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Events before the diagnosis of a pneumothorax in ventilated neonates
  1. M Watkinson,
  2. I Tiron
  1. Neonatal Unit, Birmingham Heartlands Hospital, Birmingham B9 5SS, UK
  1. Dr Watkinsonwatkinm{at}


AIM To examine the relation of overventilation and other clinical events to the development of pneumothoraces in ventilated neonates.

METHODS A case-control study.

RESULTS Fifty three (8.7%) of 606 ventilated neonates developed a pneumothorax. Eighteen (34%) cases and 23 (43%) controls were unintentionally overventilated (Paco 2 < 4 kPa) at some time before the pneumothorax developed in the cases (odds ratio (OR) = 0.78, 95% confidence interval (CI) 0.48 to 1.27). In the three hours before the diagnosis of pneumothorax, more cases than controls were reintubated (21/53 v 4/53; OR = 5.25, 95% CI 1.9 to 14.3), and also in seven cases (one control) the mean airway pressure was increased, whereas in nine controls (no cases) it was reduced (χ2  = 12.0, df = 2, p = 0.001). Seven of 18 neonates diagnosed by transillumination had undergone no clinical procedures before diagnosis compared with five of 35 diagnosed radiologically (OR = 2.7, 95% CI 1.0 to 7.4).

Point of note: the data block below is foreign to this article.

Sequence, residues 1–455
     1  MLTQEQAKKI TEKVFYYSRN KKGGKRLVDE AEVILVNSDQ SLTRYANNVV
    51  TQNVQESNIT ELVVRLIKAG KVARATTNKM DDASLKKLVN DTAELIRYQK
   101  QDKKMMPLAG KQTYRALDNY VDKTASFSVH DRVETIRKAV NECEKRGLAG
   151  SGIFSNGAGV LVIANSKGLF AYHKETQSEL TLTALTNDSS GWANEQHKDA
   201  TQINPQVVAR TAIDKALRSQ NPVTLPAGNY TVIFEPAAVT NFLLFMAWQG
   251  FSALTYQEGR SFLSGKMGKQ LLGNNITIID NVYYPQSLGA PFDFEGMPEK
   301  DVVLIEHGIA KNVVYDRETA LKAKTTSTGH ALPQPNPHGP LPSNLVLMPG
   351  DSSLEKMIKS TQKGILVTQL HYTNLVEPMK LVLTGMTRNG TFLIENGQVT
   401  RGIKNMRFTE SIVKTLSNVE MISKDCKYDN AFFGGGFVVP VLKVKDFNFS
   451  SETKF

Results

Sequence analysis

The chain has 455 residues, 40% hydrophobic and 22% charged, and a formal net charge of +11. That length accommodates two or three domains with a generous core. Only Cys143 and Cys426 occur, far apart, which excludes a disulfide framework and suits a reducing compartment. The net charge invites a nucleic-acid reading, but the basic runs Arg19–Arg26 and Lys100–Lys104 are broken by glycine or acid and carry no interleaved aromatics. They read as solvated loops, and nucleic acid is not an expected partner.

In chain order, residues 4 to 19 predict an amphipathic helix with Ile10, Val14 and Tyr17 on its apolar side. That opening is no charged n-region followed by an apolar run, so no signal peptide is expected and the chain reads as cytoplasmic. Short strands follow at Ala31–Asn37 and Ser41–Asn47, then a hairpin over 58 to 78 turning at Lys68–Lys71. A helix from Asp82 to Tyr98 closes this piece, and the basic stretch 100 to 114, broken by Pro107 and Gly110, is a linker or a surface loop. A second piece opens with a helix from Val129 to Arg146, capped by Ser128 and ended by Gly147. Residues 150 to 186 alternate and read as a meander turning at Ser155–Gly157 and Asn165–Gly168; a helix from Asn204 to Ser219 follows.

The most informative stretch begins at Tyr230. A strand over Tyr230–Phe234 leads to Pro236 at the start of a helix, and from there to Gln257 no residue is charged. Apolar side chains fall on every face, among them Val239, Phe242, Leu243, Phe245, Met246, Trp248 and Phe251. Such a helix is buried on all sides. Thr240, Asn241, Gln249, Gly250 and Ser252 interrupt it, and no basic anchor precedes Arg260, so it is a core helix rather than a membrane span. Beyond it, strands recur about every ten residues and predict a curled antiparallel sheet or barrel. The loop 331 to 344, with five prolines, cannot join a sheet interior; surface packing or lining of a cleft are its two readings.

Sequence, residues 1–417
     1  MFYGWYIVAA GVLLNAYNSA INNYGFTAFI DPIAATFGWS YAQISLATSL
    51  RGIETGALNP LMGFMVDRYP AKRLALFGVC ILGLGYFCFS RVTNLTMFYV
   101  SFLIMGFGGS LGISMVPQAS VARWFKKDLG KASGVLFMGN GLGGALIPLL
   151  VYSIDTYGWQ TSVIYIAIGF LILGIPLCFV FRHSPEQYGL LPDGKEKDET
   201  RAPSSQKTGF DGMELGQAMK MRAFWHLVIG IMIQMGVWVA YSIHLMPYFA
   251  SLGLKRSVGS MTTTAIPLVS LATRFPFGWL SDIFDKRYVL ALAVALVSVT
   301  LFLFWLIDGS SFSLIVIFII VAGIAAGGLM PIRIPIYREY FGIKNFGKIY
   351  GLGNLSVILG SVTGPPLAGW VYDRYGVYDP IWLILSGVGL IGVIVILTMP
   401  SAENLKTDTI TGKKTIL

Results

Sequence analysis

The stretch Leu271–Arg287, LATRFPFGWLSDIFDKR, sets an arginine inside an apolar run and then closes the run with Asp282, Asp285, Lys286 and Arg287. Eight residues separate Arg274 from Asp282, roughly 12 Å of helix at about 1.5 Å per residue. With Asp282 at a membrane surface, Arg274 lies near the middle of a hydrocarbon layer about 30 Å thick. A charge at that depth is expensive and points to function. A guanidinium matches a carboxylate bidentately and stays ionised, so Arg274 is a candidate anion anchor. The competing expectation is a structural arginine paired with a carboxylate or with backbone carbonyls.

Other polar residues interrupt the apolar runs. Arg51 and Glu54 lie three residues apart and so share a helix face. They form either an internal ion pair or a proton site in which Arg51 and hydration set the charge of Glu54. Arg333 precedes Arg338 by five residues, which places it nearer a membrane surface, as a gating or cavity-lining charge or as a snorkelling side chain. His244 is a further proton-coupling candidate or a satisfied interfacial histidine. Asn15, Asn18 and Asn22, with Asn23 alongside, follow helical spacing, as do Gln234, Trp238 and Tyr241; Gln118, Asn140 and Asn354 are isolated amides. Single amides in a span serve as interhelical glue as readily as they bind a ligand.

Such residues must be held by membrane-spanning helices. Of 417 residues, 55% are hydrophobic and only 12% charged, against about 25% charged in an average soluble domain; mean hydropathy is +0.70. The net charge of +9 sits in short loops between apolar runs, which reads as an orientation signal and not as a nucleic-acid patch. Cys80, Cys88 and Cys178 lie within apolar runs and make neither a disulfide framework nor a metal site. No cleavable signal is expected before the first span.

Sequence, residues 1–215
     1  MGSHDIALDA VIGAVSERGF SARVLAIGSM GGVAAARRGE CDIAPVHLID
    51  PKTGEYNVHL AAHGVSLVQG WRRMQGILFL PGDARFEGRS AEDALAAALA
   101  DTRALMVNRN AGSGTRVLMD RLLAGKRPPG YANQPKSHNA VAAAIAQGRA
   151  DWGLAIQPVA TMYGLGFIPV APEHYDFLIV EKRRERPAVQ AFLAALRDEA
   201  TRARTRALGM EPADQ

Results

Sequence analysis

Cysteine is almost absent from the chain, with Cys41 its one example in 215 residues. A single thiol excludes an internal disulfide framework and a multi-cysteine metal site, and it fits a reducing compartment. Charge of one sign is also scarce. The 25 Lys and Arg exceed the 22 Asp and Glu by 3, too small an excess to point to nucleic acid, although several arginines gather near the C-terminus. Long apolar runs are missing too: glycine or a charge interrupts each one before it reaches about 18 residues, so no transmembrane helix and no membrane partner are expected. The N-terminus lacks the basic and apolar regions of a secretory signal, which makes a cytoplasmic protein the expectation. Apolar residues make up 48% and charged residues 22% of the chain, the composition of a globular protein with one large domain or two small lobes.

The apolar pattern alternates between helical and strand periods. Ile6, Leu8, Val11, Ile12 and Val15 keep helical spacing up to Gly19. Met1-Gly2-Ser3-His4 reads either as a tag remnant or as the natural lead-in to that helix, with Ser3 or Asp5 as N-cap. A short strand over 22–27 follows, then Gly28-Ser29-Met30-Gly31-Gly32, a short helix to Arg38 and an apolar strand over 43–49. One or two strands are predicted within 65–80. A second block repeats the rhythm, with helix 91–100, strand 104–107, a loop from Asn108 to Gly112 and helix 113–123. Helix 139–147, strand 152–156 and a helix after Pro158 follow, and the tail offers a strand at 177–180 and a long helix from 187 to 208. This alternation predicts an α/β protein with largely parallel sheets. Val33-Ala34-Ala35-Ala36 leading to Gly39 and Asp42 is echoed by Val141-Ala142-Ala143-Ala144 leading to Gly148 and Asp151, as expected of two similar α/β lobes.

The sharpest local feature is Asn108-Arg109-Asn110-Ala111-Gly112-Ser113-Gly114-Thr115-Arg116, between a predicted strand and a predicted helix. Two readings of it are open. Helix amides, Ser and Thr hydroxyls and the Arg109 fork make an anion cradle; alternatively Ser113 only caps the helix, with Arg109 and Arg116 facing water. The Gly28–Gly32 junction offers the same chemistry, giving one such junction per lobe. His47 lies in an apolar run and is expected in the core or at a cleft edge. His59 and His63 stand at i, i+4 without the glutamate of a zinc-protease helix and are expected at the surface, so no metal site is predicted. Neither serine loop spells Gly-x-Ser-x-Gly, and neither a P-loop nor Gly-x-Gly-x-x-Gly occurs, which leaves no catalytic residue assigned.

CONCLUSIONS Unintentional overventilation was not associated with pneumothoraces. In the hours before diagnosis, there was increased clinical intervention, including reintubation; this was less so in those diagnosed by transillumination. The study did not elucidate whether such interventions caused the pneumothorax or were secondary to a failure to diagnose it.

Key messages

Key messages

  • Brief inadvertent overventilation was not associated with pneumothoraces

  • There was a cluster of clinical procedures before the diagnosis of a pneumothorax. This included reintubation and increases in airway pressure. This study did not establish whether these procedures caused pneumothoraces or were undertaken because an undiagnosed pneumothorax was already causing clinical deterioration.

  • pneumothorax
  • ventilation
  • transillumination

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